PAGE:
If clients are overwhelmed by figuring out all they need to do to get their houses ready for fall and winter, hand them a short checklist of projects to tackle.
1. Test smoke and carbon monoxide detectors and replace batteries on November 2nd when daylight savings ends.
2. Inspect and clean and boilers and water heaters.
3. Turn down the temperature of your water heater to 120°F.
4. Hire a HVAC professional to inspect, clean and tune up your furnace.
5. Replace your furnace filter monthly.
6. Caulk and weather-strip around windows and doors to make them as weather-tight as possible. Check out Lowe’s site for good tips.
7. Hunt for and seal air leaks. Don’t forget to check small spots, such as outlets and switches, recessed lighting, door bottoms, and behind cupboards. Energy.gov can help you through the process.
8. Install and learn to use a programmable thermostat. When you’re home, keep the temperature as low as you can to still be comfortable. Kick the temperature back by 10 to 15 degrees (do the opposite in summer) when you’re out or asleep for eight hours. The strategy can save about 10% a year on your heating and cooling bills.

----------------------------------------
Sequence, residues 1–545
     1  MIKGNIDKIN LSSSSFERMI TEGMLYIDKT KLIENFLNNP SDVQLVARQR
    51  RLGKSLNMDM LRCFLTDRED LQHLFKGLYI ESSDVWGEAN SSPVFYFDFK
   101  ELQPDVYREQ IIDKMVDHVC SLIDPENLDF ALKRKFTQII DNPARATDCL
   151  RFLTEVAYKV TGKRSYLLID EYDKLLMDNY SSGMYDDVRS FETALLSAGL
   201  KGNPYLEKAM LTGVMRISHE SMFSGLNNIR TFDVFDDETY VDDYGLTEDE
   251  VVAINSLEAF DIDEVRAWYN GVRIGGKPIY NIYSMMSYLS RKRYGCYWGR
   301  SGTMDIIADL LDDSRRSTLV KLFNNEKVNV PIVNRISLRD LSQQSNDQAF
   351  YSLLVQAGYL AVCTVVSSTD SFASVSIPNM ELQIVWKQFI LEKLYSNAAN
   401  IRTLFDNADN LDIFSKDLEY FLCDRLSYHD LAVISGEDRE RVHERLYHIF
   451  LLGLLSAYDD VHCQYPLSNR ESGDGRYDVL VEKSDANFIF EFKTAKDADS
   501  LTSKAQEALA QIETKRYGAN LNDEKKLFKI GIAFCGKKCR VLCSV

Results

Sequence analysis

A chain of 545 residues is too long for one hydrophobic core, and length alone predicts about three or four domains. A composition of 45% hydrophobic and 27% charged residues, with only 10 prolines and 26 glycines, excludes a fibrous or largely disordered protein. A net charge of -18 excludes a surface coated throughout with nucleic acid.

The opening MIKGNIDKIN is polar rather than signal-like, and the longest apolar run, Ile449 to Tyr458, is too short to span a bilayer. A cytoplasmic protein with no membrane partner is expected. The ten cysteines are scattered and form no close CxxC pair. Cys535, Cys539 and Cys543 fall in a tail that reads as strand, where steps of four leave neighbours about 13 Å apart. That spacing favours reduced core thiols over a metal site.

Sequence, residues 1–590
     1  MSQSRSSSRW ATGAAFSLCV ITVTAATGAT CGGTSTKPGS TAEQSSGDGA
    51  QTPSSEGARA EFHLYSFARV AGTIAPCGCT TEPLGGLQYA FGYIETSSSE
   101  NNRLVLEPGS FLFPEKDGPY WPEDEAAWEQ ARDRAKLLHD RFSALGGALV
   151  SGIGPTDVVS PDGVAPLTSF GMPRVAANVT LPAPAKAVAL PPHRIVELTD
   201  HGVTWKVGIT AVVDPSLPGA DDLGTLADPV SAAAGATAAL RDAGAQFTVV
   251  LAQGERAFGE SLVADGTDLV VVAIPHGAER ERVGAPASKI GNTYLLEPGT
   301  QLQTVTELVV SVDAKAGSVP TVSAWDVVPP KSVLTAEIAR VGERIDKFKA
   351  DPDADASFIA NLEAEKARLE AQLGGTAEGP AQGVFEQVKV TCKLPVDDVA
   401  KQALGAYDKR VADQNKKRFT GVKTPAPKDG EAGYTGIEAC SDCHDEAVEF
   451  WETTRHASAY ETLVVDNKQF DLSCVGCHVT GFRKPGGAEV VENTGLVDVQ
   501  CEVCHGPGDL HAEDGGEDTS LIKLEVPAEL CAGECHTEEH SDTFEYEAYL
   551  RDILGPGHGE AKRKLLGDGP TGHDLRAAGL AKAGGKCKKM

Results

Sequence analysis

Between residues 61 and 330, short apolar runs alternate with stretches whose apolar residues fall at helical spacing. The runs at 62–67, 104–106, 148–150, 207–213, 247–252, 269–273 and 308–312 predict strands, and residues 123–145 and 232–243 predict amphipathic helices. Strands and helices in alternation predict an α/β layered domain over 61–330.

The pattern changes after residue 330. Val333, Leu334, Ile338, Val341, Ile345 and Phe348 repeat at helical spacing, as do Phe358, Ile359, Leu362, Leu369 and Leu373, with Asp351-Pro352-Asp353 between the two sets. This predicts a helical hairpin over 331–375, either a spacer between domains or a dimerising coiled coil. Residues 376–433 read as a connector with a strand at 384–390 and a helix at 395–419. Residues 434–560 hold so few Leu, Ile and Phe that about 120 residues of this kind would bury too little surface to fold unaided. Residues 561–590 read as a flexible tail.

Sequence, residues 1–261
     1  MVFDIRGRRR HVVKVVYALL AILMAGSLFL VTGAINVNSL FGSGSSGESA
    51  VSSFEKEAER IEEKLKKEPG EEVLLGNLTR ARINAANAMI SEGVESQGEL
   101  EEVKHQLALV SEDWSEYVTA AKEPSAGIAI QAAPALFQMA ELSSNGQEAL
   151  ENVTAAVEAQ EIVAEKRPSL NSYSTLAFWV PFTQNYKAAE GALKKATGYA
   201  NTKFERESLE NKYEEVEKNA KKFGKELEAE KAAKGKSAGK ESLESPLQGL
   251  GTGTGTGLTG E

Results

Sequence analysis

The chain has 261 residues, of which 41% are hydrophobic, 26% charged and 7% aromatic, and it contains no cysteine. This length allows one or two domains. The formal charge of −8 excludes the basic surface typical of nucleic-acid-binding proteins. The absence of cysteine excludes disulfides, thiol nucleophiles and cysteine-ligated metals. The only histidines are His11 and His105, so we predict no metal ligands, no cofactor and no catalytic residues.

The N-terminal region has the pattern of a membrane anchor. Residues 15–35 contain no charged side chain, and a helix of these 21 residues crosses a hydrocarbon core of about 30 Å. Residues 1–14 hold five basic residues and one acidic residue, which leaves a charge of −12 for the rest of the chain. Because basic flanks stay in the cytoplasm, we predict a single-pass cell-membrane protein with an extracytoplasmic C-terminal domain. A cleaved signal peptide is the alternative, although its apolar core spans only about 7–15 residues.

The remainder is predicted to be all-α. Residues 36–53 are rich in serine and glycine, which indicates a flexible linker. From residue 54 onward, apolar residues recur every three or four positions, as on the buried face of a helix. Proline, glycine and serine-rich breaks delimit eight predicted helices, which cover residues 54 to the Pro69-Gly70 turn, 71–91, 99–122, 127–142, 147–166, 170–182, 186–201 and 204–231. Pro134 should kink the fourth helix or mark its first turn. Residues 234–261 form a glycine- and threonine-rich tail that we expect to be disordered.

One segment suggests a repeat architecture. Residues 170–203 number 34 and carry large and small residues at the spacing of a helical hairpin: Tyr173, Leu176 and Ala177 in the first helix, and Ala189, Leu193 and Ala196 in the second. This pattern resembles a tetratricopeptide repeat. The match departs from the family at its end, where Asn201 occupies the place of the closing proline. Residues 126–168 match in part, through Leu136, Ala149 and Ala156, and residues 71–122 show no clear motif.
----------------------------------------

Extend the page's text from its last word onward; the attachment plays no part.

9. Close your fireplace damper and only open it when you’re going to burn fires.
10. Clean warm-air registers, baseboard heaters, and radiators.
11. Change the direction of your ceiling fan to push warm air down from the ceiling.
12. Drain outdoor faucets and store hoses.
13. Clean window wells.
14. Clean gutters and downspouts to prevent ice dams.
15. Look for cracks and damage to the roof and chimney and have them repaired.
16. Rake leaves and shred them for mulch.
17. Cover the central air conditioning unit and remove window units.
18. Clean and store garden tools and get out your winter gear.
19. Stock up on all the tools you’ll need for winter — shovels, brooms, ice scrapers, and eco-friendly ice melt.
20. Put the garden to bed and prep it for spring.